With the honey scandal shining a bright light on ‘purity’, is milk the next segment to feel the heat?
Adulteration took centre stage recently after an investigation from Centre of Science and Investigation (CSE), a Delhi-based public interest research and advocacy organisation, revealed that India’s top honey brands such as Dabur, Patanjali and Emami had a failed a key purity test. The investigation found sugar syrups being used as part of the adulteration process.
Netizens expressed their worries. The honey they were consuming, keeping its health benefits in mind, was, in fact, more sugar. It posed a risk to their health and wellness, an alarming thought in the COVID era.
While the brands that failed the test have refuted the claims, they face a challenge, i.e., reassuring concerned customers about the purity of their honey offerings.
This whole issue got us (afaqs!) thinking on how the honey scandal, or ‘Honeygate’ as some social media enthusiasts put it, has made ‘purity’ the new USP for the food and beverage (F&B) segment.
We feel the milk segment is where the honey scandal will spill over because, in India, there is always the perception that milk, branded or not, is adulterated in some form or the other.
The question on the purity of milk is not new but as old as the practice of milk from large aluminium cans that came home on the cycle said Vani Gupta Dandia, founder of executive consultancy firm, CherryPeachPlum Growth Partners.
One bought milk on trust and brand name and that’s why “we don't believe an Amul or a Mother Dairy will ever cheat."
In what seems like a coincidence, we came across an ad from Country Delight, a Gurugram-based milk delivery app, promoting not only its milk offerings, but also its testing kit (you get one with your first order). It lets you check the purity of its milk.
We may not think the same (cheating) for lesser-known brands said Dandia and this is why “new brands stress so much on purity, going to the extent of providing proof kits or making superlative claims like delivered to your doorstep within 8 hours of milking to prevent bacteria growth.”
Meanwhile, in an Economic Times report on September 5, 2018, Mohan Singh Ahluwalia, a member of the Animal Welfare Board of India, said that around 68.7 per cent of milk and milk products sold in the country are not as per the standards laid down by the Food Safety and Standards Authority of India (FSSAI), India’s food regulator.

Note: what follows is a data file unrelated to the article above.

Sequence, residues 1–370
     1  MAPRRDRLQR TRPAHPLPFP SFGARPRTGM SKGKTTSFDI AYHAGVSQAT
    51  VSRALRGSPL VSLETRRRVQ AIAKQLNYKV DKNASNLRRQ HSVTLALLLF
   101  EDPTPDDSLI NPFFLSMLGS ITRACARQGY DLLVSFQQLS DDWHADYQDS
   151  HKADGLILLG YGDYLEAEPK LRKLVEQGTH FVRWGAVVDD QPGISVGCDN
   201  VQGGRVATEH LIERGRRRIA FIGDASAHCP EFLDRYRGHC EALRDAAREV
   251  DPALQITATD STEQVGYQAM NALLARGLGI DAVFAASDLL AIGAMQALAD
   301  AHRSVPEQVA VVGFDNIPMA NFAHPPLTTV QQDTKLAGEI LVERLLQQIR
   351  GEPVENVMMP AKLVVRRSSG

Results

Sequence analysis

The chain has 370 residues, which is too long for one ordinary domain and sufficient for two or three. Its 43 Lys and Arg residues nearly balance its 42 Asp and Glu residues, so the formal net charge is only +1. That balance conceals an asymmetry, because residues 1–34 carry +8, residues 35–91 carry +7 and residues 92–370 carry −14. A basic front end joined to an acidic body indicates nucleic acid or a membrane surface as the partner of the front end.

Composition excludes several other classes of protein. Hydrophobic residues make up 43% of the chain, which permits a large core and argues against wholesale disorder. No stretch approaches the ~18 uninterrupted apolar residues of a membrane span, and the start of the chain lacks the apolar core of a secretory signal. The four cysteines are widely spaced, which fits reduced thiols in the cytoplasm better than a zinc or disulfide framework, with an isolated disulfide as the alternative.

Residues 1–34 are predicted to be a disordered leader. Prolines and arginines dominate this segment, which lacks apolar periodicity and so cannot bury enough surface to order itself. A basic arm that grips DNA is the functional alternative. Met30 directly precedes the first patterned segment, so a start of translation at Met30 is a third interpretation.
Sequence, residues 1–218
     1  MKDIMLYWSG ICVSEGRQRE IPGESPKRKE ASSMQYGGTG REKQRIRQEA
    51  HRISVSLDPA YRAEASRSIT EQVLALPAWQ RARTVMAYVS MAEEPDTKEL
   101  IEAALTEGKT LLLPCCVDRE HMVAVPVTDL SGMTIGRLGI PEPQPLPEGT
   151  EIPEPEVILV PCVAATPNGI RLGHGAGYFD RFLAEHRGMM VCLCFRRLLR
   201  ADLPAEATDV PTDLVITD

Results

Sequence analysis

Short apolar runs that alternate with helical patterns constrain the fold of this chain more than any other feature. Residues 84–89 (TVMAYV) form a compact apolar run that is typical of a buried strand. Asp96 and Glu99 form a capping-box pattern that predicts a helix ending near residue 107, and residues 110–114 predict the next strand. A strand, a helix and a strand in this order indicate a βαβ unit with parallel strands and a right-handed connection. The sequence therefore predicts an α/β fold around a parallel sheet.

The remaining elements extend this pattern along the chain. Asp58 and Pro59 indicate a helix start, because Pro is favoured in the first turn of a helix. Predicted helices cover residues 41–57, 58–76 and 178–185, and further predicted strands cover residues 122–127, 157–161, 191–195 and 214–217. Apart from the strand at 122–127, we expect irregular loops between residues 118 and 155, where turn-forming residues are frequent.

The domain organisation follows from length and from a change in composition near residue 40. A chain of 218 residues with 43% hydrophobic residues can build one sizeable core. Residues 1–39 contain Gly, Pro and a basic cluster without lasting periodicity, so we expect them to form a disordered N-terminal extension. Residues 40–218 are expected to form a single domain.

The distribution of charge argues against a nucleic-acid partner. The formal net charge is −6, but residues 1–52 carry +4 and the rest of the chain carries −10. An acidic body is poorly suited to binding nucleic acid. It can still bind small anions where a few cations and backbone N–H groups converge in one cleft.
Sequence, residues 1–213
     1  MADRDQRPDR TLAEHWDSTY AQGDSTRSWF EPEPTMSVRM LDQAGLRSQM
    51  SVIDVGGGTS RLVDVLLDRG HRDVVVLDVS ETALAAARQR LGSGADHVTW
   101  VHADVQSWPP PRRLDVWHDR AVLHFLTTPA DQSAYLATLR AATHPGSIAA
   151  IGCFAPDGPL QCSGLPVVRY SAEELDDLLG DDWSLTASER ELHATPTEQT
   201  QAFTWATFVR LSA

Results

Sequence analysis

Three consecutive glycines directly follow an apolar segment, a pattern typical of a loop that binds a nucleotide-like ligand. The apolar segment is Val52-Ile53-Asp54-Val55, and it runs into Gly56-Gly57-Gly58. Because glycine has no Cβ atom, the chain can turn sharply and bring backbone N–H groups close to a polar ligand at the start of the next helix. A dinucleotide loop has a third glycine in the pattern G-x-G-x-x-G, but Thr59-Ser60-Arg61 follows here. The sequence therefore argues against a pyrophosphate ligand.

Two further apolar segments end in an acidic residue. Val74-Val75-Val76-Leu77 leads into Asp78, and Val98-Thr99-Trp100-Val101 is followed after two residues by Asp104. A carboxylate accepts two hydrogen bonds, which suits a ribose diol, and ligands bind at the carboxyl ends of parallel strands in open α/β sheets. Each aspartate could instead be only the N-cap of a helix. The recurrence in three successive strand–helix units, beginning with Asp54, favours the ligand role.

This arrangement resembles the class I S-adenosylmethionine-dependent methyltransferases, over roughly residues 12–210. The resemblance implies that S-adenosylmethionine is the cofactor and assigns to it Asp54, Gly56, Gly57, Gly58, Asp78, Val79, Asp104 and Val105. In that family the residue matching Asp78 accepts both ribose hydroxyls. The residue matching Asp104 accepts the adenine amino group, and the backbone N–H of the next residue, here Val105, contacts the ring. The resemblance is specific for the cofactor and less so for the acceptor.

It is then no wonder that Country Delight has touted the self-test kit as one of its key USPs. The above Instagram post from March 2020 gives a better look at the kit. Also, the FAQ section on Country Delight’s website gives a detailed explanation of how to use the kit.
The brand, apart from milk, sells ghee, white eggs, curd and paneer. Its delivery areas include NCR, Mumbai, Pune, Jaipur and Bengaluru.
Another dairy brand that focuses on quality milk is Gurugram-based NutriMoo. Its website says, “Our foremost mission is to provide good wholesome milk with regulatory milk practises to ensure the safest and purest products reach your table.” It sells cow milk, buffalo milk, slim milk, and other products such as curd, ghee, honey, paneer and cheese.
NutriMoo states that it delivers milk within 48 hours of milking. It conducts 78 benchmark tests and has a ‘superfast’ cold chain because “we are crazy about purity and freshness”. Also, when the milk is delivered from the farm to your home, it is consistently below 4 degrees Celsius.
“Purity or real efficacy has come into greater scrutiny in Coronavirus times as the decibel levels on immunity and health benefits have radically gone up,” said Dandia.
With the Coronavirus pandemic shining a sharp light on purity and quality of food products, we see the F&B segment now has to take a step forward to reassure the customers that its offerings are pure, healthy and safe.
If anything, “Coronavirus will force brands to prove efficacy and provide trust markers like never before,” said Dandia and went on to say that consumers are going back to the established big brands they’ve trusted for years which is why they will survive the controversies but new brands will have to work harder to gain trust.